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Amphibians on the Move

It is that time of the year again! Birds are singing, flower buds are starting to form, the days are getting longer and warmer, and amphibians are on the move. Each spring, as the snow melts and the temperatures begin to rise, frogs, toads, newts, and salamanders awake from their hibernation state and migrate to spring pools. While this is an exciting time for us to have an opportunity to view these creatures, but also a dangerous time for them as they seek to avoid predators and potentially deadly interactions with vehicles!

Red Eft

Red eft stage of the Red-spotted Newt at Shavers Creek in September

Similar to reptiles, amphibians must hibernate each winter to avoid colder temperatures that they would not be able to survive through. Amphibians, such as frogs, hibernate in the mud at the bottom of small ponds or lakes. Though they have lungs and breathe oxygen in the air, many amphibians also have specialized skin that allows them to absorb oxygen and expel carbon dioxide, allowing them to survive buried in the mud. Other amphibians, such as toads and salamanders, will hibernate on land in burrows underneath the soil beneath the frost line.

As amphibians emerge from their hibernation in the spring, they begin to search for vernal pools to breed in. Vernal or seasonal pools form each spring as water from snow melts and spring rains fill into depressions throughout the forest. The pools are considered seasonal or temporary since they often will dry up in the summertime. Vernal pools are critical breeding grounds for amphibians — many species of frogs and salamanders will lay their eggs in these pools. These pools offer protection from egg-eating fish and other species that require a permanent aquatic environment.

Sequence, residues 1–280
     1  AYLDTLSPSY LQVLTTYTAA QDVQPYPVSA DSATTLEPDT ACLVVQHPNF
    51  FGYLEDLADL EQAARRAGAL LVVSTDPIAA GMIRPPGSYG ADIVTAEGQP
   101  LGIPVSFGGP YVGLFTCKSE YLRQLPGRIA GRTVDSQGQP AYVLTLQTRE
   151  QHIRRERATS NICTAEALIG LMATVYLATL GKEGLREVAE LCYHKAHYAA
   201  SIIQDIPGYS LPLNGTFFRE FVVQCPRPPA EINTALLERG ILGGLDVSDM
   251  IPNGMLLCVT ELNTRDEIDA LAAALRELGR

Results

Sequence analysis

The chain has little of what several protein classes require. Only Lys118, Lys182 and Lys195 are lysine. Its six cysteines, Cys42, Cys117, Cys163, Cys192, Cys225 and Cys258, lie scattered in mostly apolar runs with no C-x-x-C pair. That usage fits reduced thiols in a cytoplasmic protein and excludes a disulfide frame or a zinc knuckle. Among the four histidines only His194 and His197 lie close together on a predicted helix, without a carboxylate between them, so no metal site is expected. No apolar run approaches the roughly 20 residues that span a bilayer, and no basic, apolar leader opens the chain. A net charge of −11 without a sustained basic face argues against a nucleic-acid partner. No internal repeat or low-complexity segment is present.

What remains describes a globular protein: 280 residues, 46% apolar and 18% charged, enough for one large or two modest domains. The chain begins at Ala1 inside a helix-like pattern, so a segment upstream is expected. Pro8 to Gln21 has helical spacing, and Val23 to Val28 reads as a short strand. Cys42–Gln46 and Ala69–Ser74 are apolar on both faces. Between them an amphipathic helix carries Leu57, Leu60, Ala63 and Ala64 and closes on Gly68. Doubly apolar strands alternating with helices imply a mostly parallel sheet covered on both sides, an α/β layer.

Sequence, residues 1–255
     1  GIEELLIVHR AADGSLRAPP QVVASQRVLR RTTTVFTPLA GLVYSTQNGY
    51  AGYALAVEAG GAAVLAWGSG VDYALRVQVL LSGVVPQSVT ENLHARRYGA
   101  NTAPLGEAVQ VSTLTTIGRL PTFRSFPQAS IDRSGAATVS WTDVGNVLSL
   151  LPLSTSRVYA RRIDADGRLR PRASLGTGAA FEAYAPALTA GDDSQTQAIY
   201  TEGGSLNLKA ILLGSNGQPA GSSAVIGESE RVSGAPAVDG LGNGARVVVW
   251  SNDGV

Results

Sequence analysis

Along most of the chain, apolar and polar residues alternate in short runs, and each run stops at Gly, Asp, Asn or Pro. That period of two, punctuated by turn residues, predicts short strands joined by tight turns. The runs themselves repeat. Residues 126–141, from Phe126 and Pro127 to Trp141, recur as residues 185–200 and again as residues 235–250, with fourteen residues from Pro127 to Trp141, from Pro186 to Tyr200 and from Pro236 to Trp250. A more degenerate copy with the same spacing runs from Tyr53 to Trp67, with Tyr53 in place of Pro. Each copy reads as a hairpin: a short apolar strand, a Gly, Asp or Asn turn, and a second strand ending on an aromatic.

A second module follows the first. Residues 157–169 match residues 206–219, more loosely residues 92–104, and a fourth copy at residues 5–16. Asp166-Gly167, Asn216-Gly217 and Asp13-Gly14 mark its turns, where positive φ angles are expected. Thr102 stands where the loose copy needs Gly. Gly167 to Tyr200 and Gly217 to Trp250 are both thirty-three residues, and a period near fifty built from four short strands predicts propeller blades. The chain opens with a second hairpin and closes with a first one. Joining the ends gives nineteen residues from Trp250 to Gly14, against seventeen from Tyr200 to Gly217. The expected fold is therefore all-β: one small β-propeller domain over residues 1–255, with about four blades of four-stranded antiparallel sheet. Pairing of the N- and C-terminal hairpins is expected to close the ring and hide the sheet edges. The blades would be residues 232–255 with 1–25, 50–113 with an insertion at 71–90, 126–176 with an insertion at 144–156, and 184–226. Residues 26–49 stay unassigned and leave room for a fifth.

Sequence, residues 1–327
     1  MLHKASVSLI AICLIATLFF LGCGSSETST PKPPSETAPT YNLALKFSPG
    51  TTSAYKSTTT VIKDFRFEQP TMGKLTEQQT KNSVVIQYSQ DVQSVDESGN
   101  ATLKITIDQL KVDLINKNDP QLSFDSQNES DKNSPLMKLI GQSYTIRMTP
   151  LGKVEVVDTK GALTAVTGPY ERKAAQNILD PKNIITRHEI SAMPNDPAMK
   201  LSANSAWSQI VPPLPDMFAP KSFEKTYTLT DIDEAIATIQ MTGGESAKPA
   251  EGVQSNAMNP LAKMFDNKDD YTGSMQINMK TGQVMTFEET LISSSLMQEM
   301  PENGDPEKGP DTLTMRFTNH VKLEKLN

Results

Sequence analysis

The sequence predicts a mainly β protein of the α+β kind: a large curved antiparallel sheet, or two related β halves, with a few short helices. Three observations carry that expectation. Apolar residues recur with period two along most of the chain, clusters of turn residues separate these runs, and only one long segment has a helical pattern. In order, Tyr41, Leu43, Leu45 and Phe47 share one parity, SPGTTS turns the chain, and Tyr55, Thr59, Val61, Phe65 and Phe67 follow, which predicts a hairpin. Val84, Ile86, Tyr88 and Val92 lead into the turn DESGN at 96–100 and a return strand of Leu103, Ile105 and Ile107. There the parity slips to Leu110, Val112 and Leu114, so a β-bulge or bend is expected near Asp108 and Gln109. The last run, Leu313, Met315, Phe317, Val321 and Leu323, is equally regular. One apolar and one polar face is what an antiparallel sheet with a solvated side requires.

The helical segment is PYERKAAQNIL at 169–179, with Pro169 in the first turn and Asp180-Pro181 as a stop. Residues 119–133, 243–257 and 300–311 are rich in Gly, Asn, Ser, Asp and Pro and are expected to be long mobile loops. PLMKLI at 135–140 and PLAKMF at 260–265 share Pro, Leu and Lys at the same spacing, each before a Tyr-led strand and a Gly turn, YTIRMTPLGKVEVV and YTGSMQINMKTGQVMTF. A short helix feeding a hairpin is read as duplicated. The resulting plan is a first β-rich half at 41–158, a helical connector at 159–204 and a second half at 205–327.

DSCN0973

As amphibians emerge from their winter hibernation each year, they begin their search for these vernal pools. It is during this time of migration when amphibians are at most risk of road collisions. During early spring rains, thousands of amphibians migrate in Stone Valley in search of vernal pools, often crossing roads in order to reach their destination. They are capable of traveling as far as a quarter of a mile in search of their pools. As they cross roads in search of their breeding pools, they are at risk of being hit by cars. Traffic in areas of high amphibian migration can mean a huge loss of frogs, salamanders, and toads in a single night.

We must cherish the incredible diversity of amphibians in the world and in Pennsylvania. With rapidly spreading diseases, the gradual loss of habitat, and the effects of the climate change, the state of the world’s amphibians are at great risk! This spring as we drive on back roads, build our gardens, or hike in the woods, we can make a conscious decision to help our amphibian friends. Here are a few things you can do to help protect our amphibians:

— Avoid driving on back roads during rainy/humid nights

— Drive slower and more carefully on back roads at night

— If you find an amphibian crossing the road, place it across the road in the direction that it is going.

HerpCrossing

At Shavers Creek we are installing Reptile/Amphibian Crossing Signs to help alert people of the high density of amphibians and reptiles that cross our roads each spring and summer. We hope that by installing these signs we can reduce the number of road deaths that occur on the Stone Valley roads each year.

JoeXing

As you drive on backroads or go on a hike in the woods this spring, keep an eye out for some of our amphibian friends!

Learn more about our amphibian friends at PA HERPS.

Works Cited

Amphibian Hibernation.” Backyard Nature.net. N.p., n.d. Web. 6 Apr. 2016.

Amphibian Migrations and Road Crossings.” Department of Environmental Conservation. N.p., n.d. Web. 6 Apr. 2016.

Mann, Katie. “Vernal Pools a Treasure to Protect.” ClearWater Conservancy.org. N.p., n.d. Web. 6 Apr. 2016.